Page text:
Tony Grist (poliphilo) wrote,
Tony Grist
poliphilo

Tea-time Viewing

 Ailz is trying to explain the difference between analog and digital. "Look at it this way," she says. "Analog is like this." She traces a wave pattern in the air. "And digital just goes zero-one." she punches a couple of holes in the air with her forefinger. " Analog takes up this much space. " The wave pattern again. "And digital takes up this much." And she pinches her thumb and forefinger together.

No. I still don't get it. I think I'll just fall back on her earlier suggestion that it's all down to the magic box.

Thanks to the magic box we get a huge stockpile of old TV shows we can log into whenever we want- for free. It's great. Lately we've been using this facility at tea-time- when there's nothing going out live except news and cruddy game shows. So first we watched all three seasons of Father Ted- which I sometimes think is the funniest show ever- and then we watched two seasons of Waking the Dead- which is gloriously bonkers- and currently we're working our way through the first season of Cold Case- which is like Waking the Dead with American accents and the bonkers taken out.

Cold Case is growing on me. At first I thought it was a little bland and formulaic, but the precision in the writing, the excellence of the craftsmanship, have won me over. What the show does is explore the recent American past. The cold cases are like Proustian madeleines. They take us back ten, twenty, thirty years.  We see people as they were and as they are. We see what time has done to them: how some it has fucked up and some it has straightened out. The bit at the end where the spirit of the murdered person appears to Rush to smile at her for solving their murder is a touch sentimental- but it gets me every time.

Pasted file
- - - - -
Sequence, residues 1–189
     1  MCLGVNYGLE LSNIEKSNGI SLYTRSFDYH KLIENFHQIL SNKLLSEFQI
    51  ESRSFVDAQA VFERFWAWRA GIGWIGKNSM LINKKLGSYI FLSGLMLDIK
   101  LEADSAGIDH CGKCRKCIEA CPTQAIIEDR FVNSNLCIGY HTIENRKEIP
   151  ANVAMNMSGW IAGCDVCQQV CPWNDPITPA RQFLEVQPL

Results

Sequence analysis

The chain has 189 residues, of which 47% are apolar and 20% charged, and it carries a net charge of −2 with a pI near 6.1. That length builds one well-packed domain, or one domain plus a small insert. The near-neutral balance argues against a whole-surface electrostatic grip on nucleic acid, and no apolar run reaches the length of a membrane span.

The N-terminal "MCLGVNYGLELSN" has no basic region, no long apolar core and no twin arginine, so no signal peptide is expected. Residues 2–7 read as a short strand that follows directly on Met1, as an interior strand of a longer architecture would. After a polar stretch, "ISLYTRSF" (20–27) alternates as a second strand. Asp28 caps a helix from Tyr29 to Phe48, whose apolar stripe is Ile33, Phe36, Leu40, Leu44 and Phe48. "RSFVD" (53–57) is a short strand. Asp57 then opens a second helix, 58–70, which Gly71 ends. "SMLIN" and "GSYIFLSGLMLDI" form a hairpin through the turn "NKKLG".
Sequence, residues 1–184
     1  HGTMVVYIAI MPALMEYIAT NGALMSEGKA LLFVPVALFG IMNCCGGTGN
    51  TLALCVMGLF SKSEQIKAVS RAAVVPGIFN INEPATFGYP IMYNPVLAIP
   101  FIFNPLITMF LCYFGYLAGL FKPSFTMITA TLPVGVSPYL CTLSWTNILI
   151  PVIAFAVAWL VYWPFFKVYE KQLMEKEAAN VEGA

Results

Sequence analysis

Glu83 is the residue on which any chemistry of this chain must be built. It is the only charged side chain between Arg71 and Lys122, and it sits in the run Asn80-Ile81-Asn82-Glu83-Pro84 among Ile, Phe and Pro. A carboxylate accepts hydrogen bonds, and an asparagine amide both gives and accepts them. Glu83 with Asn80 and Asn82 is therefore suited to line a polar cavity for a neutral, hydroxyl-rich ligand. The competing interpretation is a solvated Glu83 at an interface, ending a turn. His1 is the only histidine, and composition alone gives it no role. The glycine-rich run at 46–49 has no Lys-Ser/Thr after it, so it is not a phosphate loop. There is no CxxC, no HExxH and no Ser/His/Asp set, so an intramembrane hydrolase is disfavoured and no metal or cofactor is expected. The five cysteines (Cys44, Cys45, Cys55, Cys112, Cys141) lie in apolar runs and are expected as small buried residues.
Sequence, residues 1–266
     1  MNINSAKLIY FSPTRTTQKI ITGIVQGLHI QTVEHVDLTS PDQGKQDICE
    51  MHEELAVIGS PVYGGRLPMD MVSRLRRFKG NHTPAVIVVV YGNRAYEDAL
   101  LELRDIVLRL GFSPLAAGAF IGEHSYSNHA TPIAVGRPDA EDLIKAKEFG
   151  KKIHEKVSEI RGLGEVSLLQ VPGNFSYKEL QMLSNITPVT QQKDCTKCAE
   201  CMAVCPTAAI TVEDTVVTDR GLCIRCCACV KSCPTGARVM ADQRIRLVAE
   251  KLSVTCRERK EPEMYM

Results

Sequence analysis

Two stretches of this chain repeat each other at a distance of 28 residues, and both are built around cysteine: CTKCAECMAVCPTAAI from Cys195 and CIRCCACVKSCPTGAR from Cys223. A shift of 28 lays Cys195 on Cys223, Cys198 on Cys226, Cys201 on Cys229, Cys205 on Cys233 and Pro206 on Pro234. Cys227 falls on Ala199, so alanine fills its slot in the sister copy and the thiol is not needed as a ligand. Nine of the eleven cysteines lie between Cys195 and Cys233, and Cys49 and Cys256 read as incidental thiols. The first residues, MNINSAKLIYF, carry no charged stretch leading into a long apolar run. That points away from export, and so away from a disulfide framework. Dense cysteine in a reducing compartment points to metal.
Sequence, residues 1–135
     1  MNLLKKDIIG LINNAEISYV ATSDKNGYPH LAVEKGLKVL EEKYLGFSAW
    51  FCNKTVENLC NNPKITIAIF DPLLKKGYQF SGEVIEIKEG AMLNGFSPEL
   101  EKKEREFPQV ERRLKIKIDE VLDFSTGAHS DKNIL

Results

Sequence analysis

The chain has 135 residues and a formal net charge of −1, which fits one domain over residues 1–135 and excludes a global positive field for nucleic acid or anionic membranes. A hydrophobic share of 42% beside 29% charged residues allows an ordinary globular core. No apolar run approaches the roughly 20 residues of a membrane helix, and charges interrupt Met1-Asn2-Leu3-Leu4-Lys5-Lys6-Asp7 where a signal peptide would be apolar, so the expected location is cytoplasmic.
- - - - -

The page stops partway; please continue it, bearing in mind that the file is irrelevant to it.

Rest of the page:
Last night's show was a corker. We went right back to 1958. I don't want to spoil it if you haven't seen it so lets just say it involved a nameless boy, a couple of nuns and an experimental government facility. It was a story entirely of its time- which could hardly happen in the present because of the way attitudes have changed. People did wrong, but they did wrong because they thought they were doing right- or at least their best. As one of the characters said, shrugging off responsibility for unforseen disaster, "We can't help the times in which we live."

There's a debate going on in the British media about why so many of our TV shows are so much worse than their American equivalents- and the consensus comes down to this- that we don't care enough about the writing. British TV can be brilliant; at it's best it takes risks; it's not afraid of being bonkers. But American shows are crafted so much more carefully. Cold Case is a good example. It's not a top-end show; it's not trail-blazing; but it is put together with tremendous care and attention. The characters are believable, the stories are believable, the period detail is thoroughly researched. Nothing comes off the assembly line that hasn't been checked, over and over again, for flaws.  Maybe this happens because the American networks have more money or maybe it's down to a difference in the culture. We Brits value eccentricity, amateurism, improvisation- which means we pull off the occasional blinding masterpiece, but also that, too often, we settle for the half-baked. It's astonishing how a show like Cold Case  maintains its quality over a run of 18 episodes. If this had been a British production there would have been wild ups and downs- the odd episode that made you go "wow", some that were good in parts, and a whole lot that failed to satisfy because of some stupidity in the plotting or inconsistency in characterisation.

We're in the mid-teens with Cold Case- and there aren't any further seasons available. So, OK, magic box-  what else have you got to offer?
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